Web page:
Credit cards are an epidemic these days and the sad reality of life is that most credit card companies just really don’t care whether you’re drowning in debt or being responsible with your money. In fact, the more irresponsible you are with your credit card debt the more money they make, so they offer you cash back like the Discover more card, or airline miles, or an assortment of other trinkets to tempt you in to signing up for a credit card and racking up the debt.
When I was in college about a decade ago, I was walking to the dining hall and I noticed a large crowd surrounding table outside the doorway. Of course being the curious type I needed to know what everyone was looking at. Turns out there was a credit card company (with cute girls passing out sign up forms) that was giving away free bags of M&M’s (the large bag… not that it matters) if you signed up for their credit cards that they were offering.
In college I was terrible with credit cards, but at least I knew what a scam of an offer this was so I shook my head and continued walking. The other day Jessica from MomVesting commented that “the bonuses and perks of credit cards are like offering cake and ice cream” and it reminded me of this incident and it got me wondering how much each of those bags of M&M’s cost the average student.
According to CreditCards.com’s debt statistics, the average college student finishes with around $4,100 in credit card debt by the time they graduate (which is around what I graduated with too). So for the purposes of this calculation let’s assume that the average rate is 19.99% (splitting the difference between the good and bad payers).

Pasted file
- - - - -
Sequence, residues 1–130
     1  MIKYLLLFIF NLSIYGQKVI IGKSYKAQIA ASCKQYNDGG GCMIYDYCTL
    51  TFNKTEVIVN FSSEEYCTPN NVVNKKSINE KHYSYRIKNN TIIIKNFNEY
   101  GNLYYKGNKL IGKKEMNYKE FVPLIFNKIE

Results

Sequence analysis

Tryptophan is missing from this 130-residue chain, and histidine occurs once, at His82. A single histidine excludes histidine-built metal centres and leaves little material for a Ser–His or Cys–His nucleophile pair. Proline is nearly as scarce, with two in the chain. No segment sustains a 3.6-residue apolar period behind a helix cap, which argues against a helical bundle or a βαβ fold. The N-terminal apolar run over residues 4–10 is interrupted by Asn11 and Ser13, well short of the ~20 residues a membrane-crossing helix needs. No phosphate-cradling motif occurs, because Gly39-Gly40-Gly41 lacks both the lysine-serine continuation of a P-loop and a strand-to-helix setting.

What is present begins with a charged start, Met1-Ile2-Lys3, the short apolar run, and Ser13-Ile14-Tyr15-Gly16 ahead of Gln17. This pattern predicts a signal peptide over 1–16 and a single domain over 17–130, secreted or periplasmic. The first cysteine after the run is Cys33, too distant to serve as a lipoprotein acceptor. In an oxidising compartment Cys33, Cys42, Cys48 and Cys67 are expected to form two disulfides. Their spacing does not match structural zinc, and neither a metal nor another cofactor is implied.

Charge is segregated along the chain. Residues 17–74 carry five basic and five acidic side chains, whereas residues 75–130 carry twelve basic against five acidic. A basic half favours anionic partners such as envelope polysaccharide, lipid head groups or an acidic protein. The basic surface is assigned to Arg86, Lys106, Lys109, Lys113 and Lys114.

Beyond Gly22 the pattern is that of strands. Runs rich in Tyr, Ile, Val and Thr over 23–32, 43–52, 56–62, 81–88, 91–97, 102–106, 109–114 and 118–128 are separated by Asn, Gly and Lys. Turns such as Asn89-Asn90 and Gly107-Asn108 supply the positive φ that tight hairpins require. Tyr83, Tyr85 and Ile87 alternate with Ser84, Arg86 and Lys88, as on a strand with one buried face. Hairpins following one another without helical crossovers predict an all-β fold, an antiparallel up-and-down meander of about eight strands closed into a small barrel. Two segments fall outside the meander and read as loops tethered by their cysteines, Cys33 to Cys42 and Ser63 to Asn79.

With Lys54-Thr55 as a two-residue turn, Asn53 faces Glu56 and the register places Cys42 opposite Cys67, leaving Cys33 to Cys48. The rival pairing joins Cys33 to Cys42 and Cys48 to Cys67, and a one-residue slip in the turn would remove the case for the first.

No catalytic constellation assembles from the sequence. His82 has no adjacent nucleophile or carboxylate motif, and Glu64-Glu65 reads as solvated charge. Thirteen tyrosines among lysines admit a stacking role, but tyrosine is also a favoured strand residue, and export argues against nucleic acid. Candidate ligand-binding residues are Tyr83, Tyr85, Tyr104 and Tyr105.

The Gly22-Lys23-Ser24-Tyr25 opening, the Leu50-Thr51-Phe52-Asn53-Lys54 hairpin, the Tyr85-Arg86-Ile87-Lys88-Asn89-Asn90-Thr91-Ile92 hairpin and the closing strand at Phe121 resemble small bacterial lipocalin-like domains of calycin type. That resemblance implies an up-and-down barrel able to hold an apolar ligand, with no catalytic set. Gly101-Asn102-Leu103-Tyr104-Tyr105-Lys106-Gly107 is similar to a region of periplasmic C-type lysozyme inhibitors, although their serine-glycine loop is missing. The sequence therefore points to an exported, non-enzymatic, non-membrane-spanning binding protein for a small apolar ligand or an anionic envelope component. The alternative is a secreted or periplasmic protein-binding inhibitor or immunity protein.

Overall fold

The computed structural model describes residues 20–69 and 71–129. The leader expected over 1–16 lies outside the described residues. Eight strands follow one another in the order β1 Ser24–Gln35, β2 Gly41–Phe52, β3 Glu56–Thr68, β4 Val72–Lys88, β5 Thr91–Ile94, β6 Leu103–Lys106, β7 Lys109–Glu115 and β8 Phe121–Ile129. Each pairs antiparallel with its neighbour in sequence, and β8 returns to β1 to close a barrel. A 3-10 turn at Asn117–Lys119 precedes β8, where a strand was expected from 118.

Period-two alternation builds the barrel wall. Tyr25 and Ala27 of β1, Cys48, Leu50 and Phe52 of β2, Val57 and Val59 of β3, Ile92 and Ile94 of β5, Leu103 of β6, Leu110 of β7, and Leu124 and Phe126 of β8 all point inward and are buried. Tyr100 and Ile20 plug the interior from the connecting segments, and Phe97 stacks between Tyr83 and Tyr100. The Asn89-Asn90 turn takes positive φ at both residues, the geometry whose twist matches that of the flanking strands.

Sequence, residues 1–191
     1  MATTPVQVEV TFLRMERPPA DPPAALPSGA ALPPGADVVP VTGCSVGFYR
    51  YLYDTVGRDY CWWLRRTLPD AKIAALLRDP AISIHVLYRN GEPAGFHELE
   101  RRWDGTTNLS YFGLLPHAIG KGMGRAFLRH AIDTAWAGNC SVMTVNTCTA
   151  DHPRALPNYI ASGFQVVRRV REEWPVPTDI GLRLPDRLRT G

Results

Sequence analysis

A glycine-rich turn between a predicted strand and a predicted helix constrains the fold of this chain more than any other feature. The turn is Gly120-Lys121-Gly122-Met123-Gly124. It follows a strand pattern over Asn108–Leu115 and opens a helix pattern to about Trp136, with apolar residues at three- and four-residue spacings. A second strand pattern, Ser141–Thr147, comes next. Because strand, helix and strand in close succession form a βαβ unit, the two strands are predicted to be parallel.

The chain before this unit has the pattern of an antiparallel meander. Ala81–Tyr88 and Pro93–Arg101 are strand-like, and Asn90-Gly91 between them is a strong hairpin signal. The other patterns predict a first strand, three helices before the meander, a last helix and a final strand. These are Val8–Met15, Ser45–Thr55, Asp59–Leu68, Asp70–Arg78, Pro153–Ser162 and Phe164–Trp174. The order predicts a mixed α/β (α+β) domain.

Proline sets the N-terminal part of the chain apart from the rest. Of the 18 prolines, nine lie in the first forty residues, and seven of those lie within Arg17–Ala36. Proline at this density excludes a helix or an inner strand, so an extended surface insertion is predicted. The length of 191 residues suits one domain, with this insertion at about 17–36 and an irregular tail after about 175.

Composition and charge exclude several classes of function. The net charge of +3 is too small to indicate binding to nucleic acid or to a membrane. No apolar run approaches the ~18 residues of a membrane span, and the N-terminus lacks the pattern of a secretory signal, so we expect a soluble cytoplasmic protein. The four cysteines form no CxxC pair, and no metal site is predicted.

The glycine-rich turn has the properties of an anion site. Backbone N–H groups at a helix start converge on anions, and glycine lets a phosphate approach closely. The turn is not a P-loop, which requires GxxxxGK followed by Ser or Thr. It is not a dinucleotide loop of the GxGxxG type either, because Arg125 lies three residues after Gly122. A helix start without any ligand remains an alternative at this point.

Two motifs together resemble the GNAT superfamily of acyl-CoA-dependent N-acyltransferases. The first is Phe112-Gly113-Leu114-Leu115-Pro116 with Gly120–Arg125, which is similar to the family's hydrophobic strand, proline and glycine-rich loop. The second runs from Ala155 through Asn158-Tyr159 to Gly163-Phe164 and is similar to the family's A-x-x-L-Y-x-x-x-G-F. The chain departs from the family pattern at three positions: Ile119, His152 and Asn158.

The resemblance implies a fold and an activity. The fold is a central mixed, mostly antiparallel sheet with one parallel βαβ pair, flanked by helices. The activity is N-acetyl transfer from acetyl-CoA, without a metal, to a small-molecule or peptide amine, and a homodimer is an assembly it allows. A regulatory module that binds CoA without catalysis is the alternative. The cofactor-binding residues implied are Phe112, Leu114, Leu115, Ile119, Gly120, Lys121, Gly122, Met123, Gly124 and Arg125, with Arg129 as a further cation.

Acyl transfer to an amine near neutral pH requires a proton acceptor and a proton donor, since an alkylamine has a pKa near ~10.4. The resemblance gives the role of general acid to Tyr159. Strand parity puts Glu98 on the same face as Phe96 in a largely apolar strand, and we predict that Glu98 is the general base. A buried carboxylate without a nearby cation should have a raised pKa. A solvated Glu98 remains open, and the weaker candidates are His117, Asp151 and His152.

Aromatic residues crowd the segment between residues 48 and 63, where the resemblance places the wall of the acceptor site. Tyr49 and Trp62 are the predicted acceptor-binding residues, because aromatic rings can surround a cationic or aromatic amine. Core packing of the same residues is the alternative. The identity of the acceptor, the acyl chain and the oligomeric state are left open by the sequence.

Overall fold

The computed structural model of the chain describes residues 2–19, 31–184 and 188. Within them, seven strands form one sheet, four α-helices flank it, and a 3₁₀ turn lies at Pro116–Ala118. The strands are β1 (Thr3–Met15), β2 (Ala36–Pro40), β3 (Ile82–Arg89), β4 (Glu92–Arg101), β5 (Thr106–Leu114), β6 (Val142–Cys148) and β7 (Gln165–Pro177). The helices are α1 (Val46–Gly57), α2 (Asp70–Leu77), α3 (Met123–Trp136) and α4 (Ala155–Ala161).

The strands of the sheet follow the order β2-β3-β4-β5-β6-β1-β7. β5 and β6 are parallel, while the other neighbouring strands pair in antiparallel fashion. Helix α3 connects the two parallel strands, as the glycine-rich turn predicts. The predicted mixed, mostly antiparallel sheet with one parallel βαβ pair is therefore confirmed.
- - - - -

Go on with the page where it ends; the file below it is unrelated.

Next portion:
If these students were to make the minimum payment on these cards, which is now 4%, they would pay $164 per week while interest starts at over $68 per month. At this rate, making only the minimum payment the average student would take 33 months (2.75 years) to pay off this balance, assuming they didn’t put a single penny on the card and faithfully made payments after college. I think it’s probably safe to say that many of the people who signed up for that card had a problem with credit card debt somewhere down the line.
When you do the math this comes up to a whopping $1,247.23 in interest alone… that is one expensive bag of M&M’s!!
Now while this is an extreme example of many foolish kids not realizing what they were getting in to by signing up for the card, there is a valuable lesson here about the bonuses and rewards that credit cards offer. If you are drawn to a particular credit card because of some incentive plan they are offering, at least do yourself a favor and look in to these aspects of the card:
- The APR % after any introductory rate wears off
- What the APR % jumps to should you miss a payment or make a late payment
- How the reward program actually works and what restrictions there are
- Do you get the rewards if you don’t pay off your balance in full?
- Are there any annual fees associated with holding the card?
And MOST importantly:
- Am I Responsible Enough To Make Payments And Not Run Up A Huge Balance?
Credit card rewards can be great, and there are a lot of benefits to owning a credit card. I know a lot of people who use cards responsibly and get big bonuses for doing so, but for every person I know who is responsible I know at least ten people who are the exact opposite and will be digging out of credit card debt the rest of their life. You would be much better taking advantage of a 0% balance transfer offer instead to try to knock down that balance.
What’s in your wallet? Is it worth it?